The great irony about the conclusion of the stadium-naming imbroglio is that, of course, it was no conclusion at all.
The new ballpark has a name, but we still don't know what we're going to call it.
It certainly won't be Oriole Park at Camden Yards, the given name.
Believe me, I have tried to envision it. Since the name was announced, I have spent much time in front of a mirror, much as Travis ("You talkin' to me?") Bickel did in "Taxi Driver," trying to make it sound right.
(Pretending I'm loitering at the office coffee machine:) "Hey, the Yankees are in town. Let's cut out of here and go to Oriole Park at Camden Yards. . . . "
(Imitating a radio anchorman giving the score from the night before:) ". . . dealing the Orioles a 5-2 loss last night before a full house at Oriole Park at Camden Yards. . . . "
It isn't just that the name is too long. There are other stadiums with longer names.
Oriole Park at Camden Yards is eight syllables. It gets blown away by Los Angeles Memorial Coliseum, a dozen syllables. It can't even beat out Hubert H. Humphrey Metrodome, also eight syllables. (Yes, another near-miss for ol' Hubert.)
The problem is that it isn't a name, it's two names. It is the first stadium in history with a name that takes a -- screeeeech! -- sharp right turn halfway through.
All of the others are short and to the point. Ebbets Field. Texas Stadium. SkyDome. Somethingsuch Memorial.
Ours is Oriole Park (screeeeech!) and Camden Yards.
It is the first stadium ever given a name that sounds like a high school football game. (Oriole Park at Camden Yards? Camden Yards 17, Oriole Park 14.)
It reminds me of those parents who can't decide between a couple of names for their kid, so they used them all.
William Robert Joseph Stephen "Billy Bob" Smith.
At Camden Yards.
OK, so there is some precedent. We do live in a country called the United States of America. That's two names in one.
So you want to blame someone for waffling on the ballpark name, blame George Washington. He did it first.
But, honestly, how often in casual conversation does anyone other than Pat Buchanan call it "the United States of America"? Not often.
They call it America, or the United States, or the U.S., or the U.S.A.
The given name is just too formal for normal conversation. As is Los Angeles Memorial Coliseum, which people call "the Coliseum," or Hubert H. Humphrey Metrodome, which people call "the Hump."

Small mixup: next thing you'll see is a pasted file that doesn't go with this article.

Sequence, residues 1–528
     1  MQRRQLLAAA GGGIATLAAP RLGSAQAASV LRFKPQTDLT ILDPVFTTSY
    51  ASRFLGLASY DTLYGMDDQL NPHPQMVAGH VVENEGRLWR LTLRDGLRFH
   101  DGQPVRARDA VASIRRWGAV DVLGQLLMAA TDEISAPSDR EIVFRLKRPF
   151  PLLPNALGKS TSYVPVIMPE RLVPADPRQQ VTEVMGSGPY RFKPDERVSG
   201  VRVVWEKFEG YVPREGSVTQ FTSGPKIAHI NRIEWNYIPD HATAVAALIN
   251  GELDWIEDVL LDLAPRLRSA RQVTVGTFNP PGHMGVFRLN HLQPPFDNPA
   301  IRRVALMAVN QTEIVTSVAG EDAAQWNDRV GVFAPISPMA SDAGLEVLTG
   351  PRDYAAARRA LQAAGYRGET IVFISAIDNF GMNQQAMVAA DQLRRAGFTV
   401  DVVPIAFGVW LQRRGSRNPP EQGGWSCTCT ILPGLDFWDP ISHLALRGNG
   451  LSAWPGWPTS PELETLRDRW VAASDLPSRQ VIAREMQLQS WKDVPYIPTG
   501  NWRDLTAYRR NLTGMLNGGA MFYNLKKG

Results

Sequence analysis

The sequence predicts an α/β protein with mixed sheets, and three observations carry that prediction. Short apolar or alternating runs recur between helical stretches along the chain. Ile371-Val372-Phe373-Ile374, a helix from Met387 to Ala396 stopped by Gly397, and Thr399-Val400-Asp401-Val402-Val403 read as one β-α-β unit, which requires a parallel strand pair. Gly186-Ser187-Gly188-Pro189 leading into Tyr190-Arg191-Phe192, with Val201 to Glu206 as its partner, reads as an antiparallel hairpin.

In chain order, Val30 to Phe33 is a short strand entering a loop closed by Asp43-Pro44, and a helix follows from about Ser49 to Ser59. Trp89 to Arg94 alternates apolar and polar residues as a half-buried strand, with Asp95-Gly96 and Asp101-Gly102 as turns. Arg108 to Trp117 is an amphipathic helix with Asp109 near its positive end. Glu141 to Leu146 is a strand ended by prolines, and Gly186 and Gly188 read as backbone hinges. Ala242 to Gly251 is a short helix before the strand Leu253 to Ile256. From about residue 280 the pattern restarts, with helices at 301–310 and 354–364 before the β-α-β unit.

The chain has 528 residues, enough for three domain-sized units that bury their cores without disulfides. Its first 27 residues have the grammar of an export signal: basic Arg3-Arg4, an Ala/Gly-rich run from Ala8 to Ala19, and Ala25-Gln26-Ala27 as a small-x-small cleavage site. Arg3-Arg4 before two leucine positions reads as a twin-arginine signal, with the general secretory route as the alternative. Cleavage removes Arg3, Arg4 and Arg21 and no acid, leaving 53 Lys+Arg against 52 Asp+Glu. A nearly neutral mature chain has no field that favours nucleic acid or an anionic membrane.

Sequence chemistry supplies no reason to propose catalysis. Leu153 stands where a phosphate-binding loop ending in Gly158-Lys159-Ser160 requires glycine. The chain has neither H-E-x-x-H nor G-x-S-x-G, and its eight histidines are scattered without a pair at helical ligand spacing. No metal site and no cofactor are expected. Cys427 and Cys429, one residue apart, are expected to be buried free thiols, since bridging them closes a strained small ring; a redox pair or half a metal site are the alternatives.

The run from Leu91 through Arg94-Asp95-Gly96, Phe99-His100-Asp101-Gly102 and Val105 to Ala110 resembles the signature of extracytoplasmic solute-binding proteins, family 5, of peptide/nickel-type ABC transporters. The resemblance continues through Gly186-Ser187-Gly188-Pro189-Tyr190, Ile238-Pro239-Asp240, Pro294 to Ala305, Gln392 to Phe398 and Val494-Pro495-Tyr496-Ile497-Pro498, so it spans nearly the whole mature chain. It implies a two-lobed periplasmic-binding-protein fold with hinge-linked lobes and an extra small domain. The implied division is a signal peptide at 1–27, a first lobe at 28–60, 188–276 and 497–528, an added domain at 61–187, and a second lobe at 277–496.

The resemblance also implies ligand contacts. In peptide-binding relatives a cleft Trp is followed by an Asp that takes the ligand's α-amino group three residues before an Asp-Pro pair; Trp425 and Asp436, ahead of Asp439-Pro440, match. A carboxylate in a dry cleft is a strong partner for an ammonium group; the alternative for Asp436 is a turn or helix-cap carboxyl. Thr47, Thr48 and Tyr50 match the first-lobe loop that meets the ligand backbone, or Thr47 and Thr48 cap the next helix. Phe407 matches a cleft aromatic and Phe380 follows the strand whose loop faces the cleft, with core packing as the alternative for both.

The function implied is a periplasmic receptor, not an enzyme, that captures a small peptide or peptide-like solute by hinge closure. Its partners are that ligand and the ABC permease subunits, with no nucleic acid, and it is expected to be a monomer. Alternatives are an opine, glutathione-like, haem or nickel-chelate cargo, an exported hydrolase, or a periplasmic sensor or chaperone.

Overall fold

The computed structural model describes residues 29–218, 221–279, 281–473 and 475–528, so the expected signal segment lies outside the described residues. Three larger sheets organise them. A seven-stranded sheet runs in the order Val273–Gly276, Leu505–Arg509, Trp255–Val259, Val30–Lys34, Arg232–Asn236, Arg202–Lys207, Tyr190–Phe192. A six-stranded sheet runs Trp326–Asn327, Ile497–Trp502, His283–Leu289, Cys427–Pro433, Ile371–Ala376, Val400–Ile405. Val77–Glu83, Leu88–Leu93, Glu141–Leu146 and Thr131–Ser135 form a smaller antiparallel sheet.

We could try the initials route, like U.S.A., but I can tell you right now it wouldn't work. Our ballpark -- OPACY -- would sound like a chain of frozen-yogurt stores. (Oh Please Accept Crummy Yogurt.)
Nope, what we need is a simple name. A name like every other name of every other ballpark that's been built since Rome ruled the world. One that can be used in normal conversation. The people's name.
Please allow me to point out the choices:
* Oriole Park
* Camden Yards
* the new stadium
* the stadium
* my stadium (seeing as you paid for it)
All of those sounded perfectly reasonable when I stood in front of the mirror doing my Travis Bickel thing.
My economical choice would be "at," which would take us from one of the longer stadium names to the absolute shortest ever.
Just think, we could make grammatical history as the first people ever to name a stadium after a preposition.
I guess I can see where the other choices might be sexier.
Just so you'll know, I canvassed some baseball writers from around the country during the American League playoffs. These are people who would rather take in a Brewers-Mariners exhibition than a Caribbean cruise. They're a little excessive. But they're also the conscience of the game.
They didn't care for Oriole Park at Camden Yards.
Loved the stadium when they toured it, laughed at the name when they heard it. Said they weren't going to use it.
A few said they were going to use Oriole Park. But most thought that was redundant and unoriginal.
Most of the ball writers said they were going to call it Camden Yards.
Me, I think I'll use "the new stadium." Or Camden Yards. Depending on how I feel.
I guess that's the beauty of the name Oriole Park at Camden Yards, if there is indeed any beauty. You can call it whatever you want. It is the first multiple-choice name in the history of stadium-dom. It is a symbol of freedom of choice.
Why, there might even be one or two people out there who call it Oriole Park at Camden Yards.
One or two.